Acadia Pharmaceuticals’ drug failed to improve the overall symptoms of schizophrenia compared with a placebo in a late-stage clinical trial.
The San Diego biotech said a phase 3 clinical trial with 396 patients in which its drug was added to existing antipsychotic treatment improved symptoms but not enough to achieve statistical significance. These patients had experienced an "inadequate response" to existing therapies.
In 2016, the drug, nuplazid, won approval to treat hallucinations and delusions caused by Parkinson’s disease. Acadia has sought to expand the drug’s use into related indications.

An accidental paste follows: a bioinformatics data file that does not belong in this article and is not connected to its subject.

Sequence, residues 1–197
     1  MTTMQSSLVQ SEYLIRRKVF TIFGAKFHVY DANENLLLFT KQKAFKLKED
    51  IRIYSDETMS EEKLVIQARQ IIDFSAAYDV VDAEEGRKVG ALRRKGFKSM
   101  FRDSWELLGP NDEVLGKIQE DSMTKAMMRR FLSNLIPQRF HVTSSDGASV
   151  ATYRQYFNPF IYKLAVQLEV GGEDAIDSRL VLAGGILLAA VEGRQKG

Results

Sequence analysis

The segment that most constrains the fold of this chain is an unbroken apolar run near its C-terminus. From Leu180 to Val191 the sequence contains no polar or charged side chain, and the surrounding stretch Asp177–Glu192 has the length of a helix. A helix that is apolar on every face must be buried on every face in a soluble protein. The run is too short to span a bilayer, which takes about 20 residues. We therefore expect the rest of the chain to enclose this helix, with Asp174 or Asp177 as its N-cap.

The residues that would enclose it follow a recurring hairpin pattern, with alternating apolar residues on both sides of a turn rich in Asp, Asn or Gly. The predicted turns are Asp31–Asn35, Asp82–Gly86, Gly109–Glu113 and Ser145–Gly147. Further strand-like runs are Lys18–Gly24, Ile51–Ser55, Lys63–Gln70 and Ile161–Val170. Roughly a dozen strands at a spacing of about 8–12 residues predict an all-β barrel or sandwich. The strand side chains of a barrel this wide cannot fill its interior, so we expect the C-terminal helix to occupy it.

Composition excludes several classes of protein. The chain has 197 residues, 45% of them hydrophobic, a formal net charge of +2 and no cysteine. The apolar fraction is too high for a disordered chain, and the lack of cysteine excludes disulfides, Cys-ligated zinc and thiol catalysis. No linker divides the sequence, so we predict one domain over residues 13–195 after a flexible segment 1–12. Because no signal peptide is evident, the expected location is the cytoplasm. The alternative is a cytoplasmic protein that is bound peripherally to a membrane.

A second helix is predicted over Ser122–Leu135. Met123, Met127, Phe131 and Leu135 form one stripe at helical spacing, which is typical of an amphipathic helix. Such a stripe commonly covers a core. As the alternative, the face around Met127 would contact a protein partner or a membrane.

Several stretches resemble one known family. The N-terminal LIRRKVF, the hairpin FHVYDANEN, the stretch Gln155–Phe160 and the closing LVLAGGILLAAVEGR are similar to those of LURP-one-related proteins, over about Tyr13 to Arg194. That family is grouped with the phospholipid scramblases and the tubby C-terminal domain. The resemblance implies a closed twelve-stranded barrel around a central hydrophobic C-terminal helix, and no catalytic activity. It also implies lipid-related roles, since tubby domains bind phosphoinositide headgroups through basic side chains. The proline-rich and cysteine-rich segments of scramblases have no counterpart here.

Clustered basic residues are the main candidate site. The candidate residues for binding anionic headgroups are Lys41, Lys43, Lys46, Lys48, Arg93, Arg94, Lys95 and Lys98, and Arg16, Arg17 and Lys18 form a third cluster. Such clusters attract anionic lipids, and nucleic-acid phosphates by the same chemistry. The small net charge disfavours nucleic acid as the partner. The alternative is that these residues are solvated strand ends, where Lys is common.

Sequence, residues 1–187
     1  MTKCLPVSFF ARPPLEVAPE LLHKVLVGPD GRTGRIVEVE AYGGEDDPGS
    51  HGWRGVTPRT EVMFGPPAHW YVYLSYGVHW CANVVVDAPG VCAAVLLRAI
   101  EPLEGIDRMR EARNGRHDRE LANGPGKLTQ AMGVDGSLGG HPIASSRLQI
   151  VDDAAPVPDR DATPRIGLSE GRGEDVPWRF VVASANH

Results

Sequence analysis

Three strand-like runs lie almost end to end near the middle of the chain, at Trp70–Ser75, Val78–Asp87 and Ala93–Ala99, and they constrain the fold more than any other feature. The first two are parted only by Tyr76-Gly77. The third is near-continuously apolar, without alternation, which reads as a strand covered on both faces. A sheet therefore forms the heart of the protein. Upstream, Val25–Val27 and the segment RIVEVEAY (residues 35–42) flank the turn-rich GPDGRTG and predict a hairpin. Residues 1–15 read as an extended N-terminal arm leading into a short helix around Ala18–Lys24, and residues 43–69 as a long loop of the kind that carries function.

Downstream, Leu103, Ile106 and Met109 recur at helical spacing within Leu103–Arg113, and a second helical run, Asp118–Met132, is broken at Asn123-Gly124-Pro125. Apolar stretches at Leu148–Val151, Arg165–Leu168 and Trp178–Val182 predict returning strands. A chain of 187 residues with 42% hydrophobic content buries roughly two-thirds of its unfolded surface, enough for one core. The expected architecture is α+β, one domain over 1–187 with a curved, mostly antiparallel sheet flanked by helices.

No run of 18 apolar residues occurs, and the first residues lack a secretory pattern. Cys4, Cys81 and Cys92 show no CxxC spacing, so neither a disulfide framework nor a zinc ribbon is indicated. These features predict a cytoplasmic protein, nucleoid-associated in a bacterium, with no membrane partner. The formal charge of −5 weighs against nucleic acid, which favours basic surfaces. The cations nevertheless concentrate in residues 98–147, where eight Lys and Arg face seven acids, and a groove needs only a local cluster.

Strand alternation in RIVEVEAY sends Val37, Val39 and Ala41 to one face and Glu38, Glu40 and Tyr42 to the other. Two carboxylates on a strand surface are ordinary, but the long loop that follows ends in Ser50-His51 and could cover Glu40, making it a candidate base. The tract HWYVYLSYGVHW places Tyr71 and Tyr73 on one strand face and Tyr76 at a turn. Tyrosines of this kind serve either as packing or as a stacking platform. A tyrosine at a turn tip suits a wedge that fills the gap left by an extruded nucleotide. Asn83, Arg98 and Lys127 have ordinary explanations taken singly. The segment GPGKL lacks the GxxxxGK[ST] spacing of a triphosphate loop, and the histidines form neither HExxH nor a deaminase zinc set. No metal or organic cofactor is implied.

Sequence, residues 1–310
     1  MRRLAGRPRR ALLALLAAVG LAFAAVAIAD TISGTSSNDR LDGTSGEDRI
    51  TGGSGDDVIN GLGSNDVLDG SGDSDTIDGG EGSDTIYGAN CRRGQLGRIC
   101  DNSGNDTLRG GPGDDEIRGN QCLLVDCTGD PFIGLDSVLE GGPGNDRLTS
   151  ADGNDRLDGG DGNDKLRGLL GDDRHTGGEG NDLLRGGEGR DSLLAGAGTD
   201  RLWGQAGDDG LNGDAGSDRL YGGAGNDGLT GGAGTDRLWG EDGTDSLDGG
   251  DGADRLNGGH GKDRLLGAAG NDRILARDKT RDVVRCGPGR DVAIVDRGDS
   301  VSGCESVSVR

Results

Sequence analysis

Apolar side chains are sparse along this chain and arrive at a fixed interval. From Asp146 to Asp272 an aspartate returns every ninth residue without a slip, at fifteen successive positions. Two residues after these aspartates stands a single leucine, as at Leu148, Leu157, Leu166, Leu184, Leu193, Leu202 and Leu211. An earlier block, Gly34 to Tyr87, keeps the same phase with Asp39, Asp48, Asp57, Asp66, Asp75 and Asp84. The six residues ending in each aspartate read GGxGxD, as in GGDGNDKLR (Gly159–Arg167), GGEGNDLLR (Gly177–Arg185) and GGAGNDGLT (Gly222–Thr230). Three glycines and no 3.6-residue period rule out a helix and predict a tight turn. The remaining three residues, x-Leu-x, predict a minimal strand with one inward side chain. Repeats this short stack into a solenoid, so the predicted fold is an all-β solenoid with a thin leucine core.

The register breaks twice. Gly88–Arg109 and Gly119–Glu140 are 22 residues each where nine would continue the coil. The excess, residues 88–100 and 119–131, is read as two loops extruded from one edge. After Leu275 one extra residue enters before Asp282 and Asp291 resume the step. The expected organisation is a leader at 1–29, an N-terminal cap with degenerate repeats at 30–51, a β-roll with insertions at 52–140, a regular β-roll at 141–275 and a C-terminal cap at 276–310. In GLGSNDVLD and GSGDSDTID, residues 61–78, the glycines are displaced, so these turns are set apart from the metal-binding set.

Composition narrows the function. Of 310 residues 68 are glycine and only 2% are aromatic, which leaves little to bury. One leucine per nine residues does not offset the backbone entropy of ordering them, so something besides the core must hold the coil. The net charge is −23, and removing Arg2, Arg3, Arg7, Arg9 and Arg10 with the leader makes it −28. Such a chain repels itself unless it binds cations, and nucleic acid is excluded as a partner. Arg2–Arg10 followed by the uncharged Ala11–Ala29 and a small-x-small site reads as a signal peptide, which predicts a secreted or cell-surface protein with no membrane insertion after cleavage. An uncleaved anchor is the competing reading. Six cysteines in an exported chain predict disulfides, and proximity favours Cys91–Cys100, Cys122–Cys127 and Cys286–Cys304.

“Unfortunately, we did not achieve a statistically significant reduction in the PANSS total score in this study,” said Serge Stankovic, Acadia’s president, in a statement.
The Positive and Negative Syndrome Scale, or PANSS, measures the severity of schizophrenia symptoms.
Stankovic said the company looks forward to completing a study evaluating nuplazid in another indication: schizophrenia patients with predominant “negative symptoms.”
Nuplazid is also being tested in dementia-related psychosis and major depressive disorder.
Acadia’s stock fell 14% on the news, closing at $22.22 a share.